Drew Roper stated that the drive and the Match4Kim effort had an initial goal of adding 1,000 donors to the national donor database throughout the three-day event at Penn State, but he now expects the number to climb well-above the initial prediction.

"The amount of support so far has been surreal," said Roper. "It means so much to our family to see how people will go out of their way to try to help us and others."

Several other Penn State athletic teams were represented at the drive in its early stages. Members of the field hockey team and softball team were seen getting swabbed as well as assisting the men's lacrosse team in raising awareness for the effort.

"Today has been a true representation of what the athletic department stands for in regards to the 'One Team' campaign," said Tambroni.

"It's one thing to communicate it and articulate it, but it's another thing to actually come out and support other team's families."

Tuesday's edition of the swab drive will conclude at 5 p.m. but it is set to resume on Wednesday from 9 a.m. to 3 p.m. and again on Thursday from 9 a.m. to 3 p.m.

The drive is located in room 321 of the HUB Robeson Center.

 

 

 

 

 

 

 

 

 

 

 

 

 

 

 

Men's Lacrosse Building Leadership for 2013 Season

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By Eric DeBerardinis, Special to GoPSUsports.com from The John Curley Center for Sports Journalism

UNIVERSITY PARK, Pa. - Leadership is paramount for Penn State men's lacrosse head coach Jeff Tambroni. The third-year coach believes his team possesses the necessary talent to succeed this upcoming season, but says developing leadership has been the Nittany Lion's biggest challenge. The program lost captains Matthew Mackrides and Ryan Link to graduation, leaving a leadership void both on and off the field.

"Urging them to take another step within their role is going to be key," said Tambroni. "I think if these guys come back and see themselves in the same role that they were in last year, we will have not moved forward."

Midway through the team's fall practices, Tambroni was unable to identify potential captains for the start of next season. He does expect Jack Forster, Gavin Ahern and Shane Sturgis to lead from the attack position. Forster, a redshirt senior attackman, understands his role as the oldest player on the team.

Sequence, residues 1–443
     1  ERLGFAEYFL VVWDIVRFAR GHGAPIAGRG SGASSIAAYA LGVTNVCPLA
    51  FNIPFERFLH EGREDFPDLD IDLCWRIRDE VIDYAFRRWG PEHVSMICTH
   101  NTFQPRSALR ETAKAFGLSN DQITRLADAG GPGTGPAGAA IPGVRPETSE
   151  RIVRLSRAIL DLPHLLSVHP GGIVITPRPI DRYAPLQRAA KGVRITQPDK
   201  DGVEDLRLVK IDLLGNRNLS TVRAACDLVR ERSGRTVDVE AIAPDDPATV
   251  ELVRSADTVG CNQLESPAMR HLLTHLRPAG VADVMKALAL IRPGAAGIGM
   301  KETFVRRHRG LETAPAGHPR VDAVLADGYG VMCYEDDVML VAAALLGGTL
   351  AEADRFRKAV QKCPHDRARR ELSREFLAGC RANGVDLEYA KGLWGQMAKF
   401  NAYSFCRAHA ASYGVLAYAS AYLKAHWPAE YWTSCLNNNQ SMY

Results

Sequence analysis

"We want to show them [the underclassmen] by how hard we work," said Forster.  "Hopefully they will follow."

Tambroni also referred to Austin Kaut, a junior goalie, who has already established himself on the field and accumulated various accolades including All-American honors. The head coach expects Kaut to take on increased roles in terms of his leadership and orchestrating the defense.

Nick Dolik, a senior midfielder, wants to increase his leadership skills as well.

"I've tried to grow a lot as a guy who can be reliable," said Dolik. "Someone who the younger guys can look up to."

Penn State's leadership abilities were tested by its fall schedule. During the first weekend in October, they traveled to Bethesda, Md., for the Capital Lacrosse Invitational, which included two tune-up games against perennial powerhouses Johns Hopkins and North Carolina. Tambroni viewed the weekend as a time to experiment, while getting looks at younger players on the team. Tambroni labeled the tournament as a great experience but also recognized the team must keep the games in perspective.

Tambroni says he believes his team has enough pieces to compete within the Colonial Athletic Association. The ultimate goal would be qualifying for the NCAA Tournament, a feat that Penn State has not achieved since 2005.

"There are certain issues that are going to need to go to the top," said Tambroni. "But there are certain issues that our upperclassmen can educate our young kids, academically, socially, with leadership in the community, and performance on the field."

If the desired leadership emerges, Tambroni is sure his team can take the next step.

Examining the New Men's Lacrosse Rules

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By Tom Zulewski, Special to GoPSUsports.com from The John Curley Center for Sports Journalism

UNIVERSITY PARK, Pa. - The NCAA approved several new rules in men's lacrosse that are aimed at speeding up the game. Among the new rules, the most anticipated rule change is the establishment of a 30-second shot clock after a stall warning has been issued.